Watson took another long drink and filled his glass and of Isabella’s. “I was sitting at a local coffee shop, writing in my journal because my shrink said I needed to write down my feelings…a horrible exercise of recovery that turned into observations of the people around me. I was very good at diagnosing and treating strangers by the type of coffee they ordered, just not good at pinpointing my issues. However, this particular coffee shop had a lending library, a bookshelf that covered the whole back wall, and on my trip back from the men’s room, I stopped to look. That is when I saw The Adventure of the Noble Bachelor by Sir Arthur Conan Doyle.” Watson cleared his throat and quoted, “the Jezail bullet which I had brought back in one of my limbs as a relic of my Afghan campaign throbbed with dull persistence.”
I felt that damn line in my ass- literally! My ass and leg decided that moment to have a dance-off, and I fell off my chair in pain. 911 was called, someone called my mother, and I was sitting in a hospital bed within hours waiting on another surgery. I was mortified- someone had called my mother! But she did bring me the collection of the Sherlock Holmes stories for my recovery. And that is when I realized that I understood who and what Dr. Watson was. I was going to recover, but I would always have a dull persistence of pain hiding in the shadows.”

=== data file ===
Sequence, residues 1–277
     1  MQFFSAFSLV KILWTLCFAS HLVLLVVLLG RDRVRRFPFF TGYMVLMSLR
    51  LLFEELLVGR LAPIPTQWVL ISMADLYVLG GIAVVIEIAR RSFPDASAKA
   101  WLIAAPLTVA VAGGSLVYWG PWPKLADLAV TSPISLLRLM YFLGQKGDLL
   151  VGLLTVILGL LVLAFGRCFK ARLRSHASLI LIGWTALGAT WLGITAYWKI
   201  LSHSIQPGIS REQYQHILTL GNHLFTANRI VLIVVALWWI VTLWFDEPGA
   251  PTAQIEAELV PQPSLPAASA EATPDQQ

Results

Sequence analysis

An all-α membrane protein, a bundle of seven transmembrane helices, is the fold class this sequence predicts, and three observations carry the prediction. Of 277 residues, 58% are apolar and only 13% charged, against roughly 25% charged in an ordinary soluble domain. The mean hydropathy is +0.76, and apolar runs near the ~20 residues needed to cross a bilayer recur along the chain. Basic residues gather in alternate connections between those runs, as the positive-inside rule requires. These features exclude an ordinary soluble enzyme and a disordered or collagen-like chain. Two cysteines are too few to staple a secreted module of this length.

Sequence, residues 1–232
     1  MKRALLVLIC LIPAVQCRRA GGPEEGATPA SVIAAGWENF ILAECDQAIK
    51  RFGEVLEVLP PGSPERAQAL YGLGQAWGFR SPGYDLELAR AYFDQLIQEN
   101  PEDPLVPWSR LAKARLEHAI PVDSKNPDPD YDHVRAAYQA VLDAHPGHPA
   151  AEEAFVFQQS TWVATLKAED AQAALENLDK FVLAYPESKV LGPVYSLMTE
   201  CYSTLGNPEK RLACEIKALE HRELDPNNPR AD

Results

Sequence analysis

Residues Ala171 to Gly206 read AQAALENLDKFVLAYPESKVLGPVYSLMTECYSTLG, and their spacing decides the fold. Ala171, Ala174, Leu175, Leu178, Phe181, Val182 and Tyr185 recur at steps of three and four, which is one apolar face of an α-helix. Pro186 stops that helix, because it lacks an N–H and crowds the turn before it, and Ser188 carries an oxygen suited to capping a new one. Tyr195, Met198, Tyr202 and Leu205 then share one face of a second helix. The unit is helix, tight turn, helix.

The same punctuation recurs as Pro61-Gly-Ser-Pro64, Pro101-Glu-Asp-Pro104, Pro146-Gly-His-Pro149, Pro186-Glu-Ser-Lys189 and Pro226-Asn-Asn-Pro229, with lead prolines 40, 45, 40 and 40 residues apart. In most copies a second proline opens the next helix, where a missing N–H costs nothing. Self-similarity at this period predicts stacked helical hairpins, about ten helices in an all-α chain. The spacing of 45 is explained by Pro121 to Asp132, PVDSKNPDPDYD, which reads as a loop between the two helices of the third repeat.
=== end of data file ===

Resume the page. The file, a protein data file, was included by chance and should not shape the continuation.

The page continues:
Kostova looked at Watson, wondering what she was supposed to say? Sorry? Need a hug? Thank you? It was an uncomfortable situation, especially for Watson. So, the group did what was best; Isabella patted his arm and smiled at him. They let him know they were there but didn’t make inadequate speeches to cause further discomfort. Kostova looked at Anna, hoping to hear her story, but it was at that moment that Winston came in with coffee and a light dessert of fresh fruit and cream.